Worst-Case Wednesday: How to Deal with an Alligator Near Your [Golf] Ball
I'm not a golfer. I find golf to be one of the most supremely boring sports, and when my uncle flips the channel during a holiday party and puts on golf, it's all I can do to keep from falling asleep on the couch. But when I found out what kind of animals can be (and, in most cases, are) lurking around a golf course, I was horrified. So, to protect all of you who are interested in golf, I'm delving into The Worst-Case Scenario Survival Handbook: Golf's "Dangerous Animals" section. (It's worth noting that "How to Disarm an Irate Golfer" is listed under this category.)
Determine the size of the alligator.
Although even small alligators can cause injury, those less than four feet long are not as dangerous to humans. If the alligator is larger than six feet, be especially wary, as a bite can inflict major damage. Alligators larger than nine feet should be considered deadly.
Calculate the distance from the alligator to your ball.
The immediate danger zone is within 15 feet of an alligator.
Try to determine if the alligator sees your ball.
Alligators are attracted to objects that appear to be food. Golf balls look like alligator eggs, which alligators eat.
Do not stand between the alligator and the water.
If disturbed, an alligator on land will seek refuge in water. Make sure the alligator is between you and any nearby water hazard.
Make a loud noise.
Alligators are sensitive to loud noises. Yelling or screaming may cause the animal to leave. If the alligator does not move, however, you will have gained its attention.
Use a ball retriever to recover the ball.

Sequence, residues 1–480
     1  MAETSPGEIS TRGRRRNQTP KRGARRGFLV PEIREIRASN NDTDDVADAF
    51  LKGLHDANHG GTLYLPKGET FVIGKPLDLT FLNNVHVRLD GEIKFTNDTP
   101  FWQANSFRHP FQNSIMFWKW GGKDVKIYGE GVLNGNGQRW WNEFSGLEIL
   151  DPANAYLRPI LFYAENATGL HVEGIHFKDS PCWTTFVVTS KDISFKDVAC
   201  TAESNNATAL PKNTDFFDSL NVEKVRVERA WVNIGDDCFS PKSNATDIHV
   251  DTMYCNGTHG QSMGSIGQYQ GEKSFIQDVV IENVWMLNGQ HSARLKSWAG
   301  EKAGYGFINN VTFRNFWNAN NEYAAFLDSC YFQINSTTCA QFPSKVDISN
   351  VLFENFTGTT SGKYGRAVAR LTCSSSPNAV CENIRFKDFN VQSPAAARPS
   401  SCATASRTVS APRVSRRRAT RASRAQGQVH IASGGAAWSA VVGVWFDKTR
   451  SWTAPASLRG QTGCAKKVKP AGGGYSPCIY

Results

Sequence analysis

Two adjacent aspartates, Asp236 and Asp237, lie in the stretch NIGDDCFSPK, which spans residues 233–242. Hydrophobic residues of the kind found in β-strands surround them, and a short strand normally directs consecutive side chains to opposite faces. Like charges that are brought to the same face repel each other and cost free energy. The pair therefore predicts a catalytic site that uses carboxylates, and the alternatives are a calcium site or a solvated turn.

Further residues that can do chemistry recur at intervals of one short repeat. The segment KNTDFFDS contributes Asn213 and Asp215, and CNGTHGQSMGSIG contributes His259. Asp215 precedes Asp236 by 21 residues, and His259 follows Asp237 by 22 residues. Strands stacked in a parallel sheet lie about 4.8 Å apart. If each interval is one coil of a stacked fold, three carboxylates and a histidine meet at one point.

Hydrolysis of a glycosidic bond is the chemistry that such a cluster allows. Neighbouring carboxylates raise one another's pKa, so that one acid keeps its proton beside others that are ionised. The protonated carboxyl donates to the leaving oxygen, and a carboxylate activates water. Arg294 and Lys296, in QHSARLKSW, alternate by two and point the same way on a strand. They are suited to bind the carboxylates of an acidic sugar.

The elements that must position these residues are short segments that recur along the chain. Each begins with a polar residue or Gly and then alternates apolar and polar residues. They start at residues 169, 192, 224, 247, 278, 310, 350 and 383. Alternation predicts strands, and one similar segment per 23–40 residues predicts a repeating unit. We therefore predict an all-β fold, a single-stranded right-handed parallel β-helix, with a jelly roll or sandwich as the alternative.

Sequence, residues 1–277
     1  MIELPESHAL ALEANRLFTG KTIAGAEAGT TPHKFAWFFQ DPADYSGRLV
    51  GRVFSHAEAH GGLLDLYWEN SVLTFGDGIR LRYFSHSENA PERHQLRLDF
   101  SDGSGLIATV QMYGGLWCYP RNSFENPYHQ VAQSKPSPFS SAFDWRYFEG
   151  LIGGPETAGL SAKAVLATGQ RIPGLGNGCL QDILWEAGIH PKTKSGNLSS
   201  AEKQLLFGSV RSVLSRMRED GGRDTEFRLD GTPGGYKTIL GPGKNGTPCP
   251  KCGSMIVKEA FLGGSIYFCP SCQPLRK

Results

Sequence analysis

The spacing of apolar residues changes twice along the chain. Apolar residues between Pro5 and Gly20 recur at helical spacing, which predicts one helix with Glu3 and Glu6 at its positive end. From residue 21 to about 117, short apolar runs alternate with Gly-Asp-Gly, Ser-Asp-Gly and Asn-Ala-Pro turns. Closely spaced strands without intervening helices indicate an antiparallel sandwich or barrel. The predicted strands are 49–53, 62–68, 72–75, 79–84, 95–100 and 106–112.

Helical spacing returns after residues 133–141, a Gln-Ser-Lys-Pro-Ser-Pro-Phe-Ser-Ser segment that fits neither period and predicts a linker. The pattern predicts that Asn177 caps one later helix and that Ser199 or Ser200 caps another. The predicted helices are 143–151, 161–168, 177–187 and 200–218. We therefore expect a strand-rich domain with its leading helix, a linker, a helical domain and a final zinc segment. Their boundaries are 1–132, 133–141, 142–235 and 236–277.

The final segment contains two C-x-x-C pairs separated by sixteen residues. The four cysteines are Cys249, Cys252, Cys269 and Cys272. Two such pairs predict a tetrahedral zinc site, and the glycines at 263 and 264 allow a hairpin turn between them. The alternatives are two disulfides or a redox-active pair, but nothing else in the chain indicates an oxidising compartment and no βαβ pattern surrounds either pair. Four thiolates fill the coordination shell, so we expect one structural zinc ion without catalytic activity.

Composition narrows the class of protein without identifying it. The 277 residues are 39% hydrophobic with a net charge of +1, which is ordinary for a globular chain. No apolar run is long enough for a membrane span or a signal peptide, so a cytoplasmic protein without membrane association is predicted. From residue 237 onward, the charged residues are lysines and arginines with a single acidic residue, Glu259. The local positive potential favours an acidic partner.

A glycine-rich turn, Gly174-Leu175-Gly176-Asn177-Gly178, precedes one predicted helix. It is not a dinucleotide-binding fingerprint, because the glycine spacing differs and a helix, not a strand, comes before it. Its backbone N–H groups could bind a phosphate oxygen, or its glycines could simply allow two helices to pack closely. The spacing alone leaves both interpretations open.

The alligator may lunge and bite at objects that invade its space. A telescoping ball retriever, best used when the alligator is not facing you or the ball, can quietly scoop up the ball. You can also use a flagstick, tough you will have to use it to roll the ball out of the way.
Quickly move away from the alligator's territory.
After retrieving the ball, or if you encounter difficulties, run. While alligators can move fast, they generally will travel only short distances and probably cannot outrun an adult golfer.
– Alligators are common on golf courses throughout the Gulf Coast states in the United States, and can be found as far north as North Carolina. To be safe, assume that any body of water on a course in these states is home to an alligator.
– Never wade into a water hazard on a golf course known to be home to alligators. You are most likely to be attacked in or at the edge of the water.
– Be especially wary during spring months, when alligators wander in search of mates, and during late summer, when eggs hatch. Mother alligators will respond aggressively to threats of their young, and any adult alligator may come to the aid of any youngster.
– An alligator more than nine feet long is likely to be male, and males tend to move around more and be more aggressive.
– Do not assume any alligator is safe to approach. While some animals may be habituated to the presence of humans, alligators are wild animals, and therefore unpredictable: they may attack without provocation.